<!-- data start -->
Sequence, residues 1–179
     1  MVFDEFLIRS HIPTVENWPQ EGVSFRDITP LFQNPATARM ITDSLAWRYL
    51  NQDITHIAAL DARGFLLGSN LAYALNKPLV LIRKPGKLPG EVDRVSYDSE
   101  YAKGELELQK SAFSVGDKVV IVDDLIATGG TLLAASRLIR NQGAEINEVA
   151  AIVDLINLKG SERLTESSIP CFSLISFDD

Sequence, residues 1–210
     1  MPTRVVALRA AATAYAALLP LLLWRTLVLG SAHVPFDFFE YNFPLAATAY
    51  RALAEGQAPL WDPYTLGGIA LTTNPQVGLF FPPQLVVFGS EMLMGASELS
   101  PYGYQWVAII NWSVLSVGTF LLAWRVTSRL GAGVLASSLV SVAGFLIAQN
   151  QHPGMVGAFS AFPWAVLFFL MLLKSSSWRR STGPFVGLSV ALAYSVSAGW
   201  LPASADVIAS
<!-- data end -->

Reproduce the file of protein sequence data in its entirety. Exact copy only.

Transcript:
Sequence, residues 1–179
     1  MVFDEFLIRS HIPTVENWPQ EGVSFRDITP LFQNPATARM ITDSLAWRYL
    51  NQDITHIAAL DARGFLLGSN LAYALNKPLV LIRKPGKLPG EVDRVSYDSE
   101  YAKGELELQK SAFSVGDKVV IVDDLIATGG TLLAASRLIR NQGAEINEVA
   151  AIVDLINLKG SERLTESSIP CFSLISFDD

Sequence, residues 1–210
     1  MPTRVVALRA AATAYAALLP LLLWRTLVLG SAHVPFDFFE YNFPLAATAY
    51  RALAEGQAPL WDPYTLGGIA LTTNPQVGLF FPPQLVVFGS EMLMGASELS
   101  PYGYQWVAII NWSVLSVGTF LLAWRVTSRL GAGVLASSLV SVAGFLIAQN
   151  QHPGMVGAFS AFPWAVLFFL MLLKSSSWRR STGPFVGLSV ALAYSVSAGW
   201  LPASADVIAS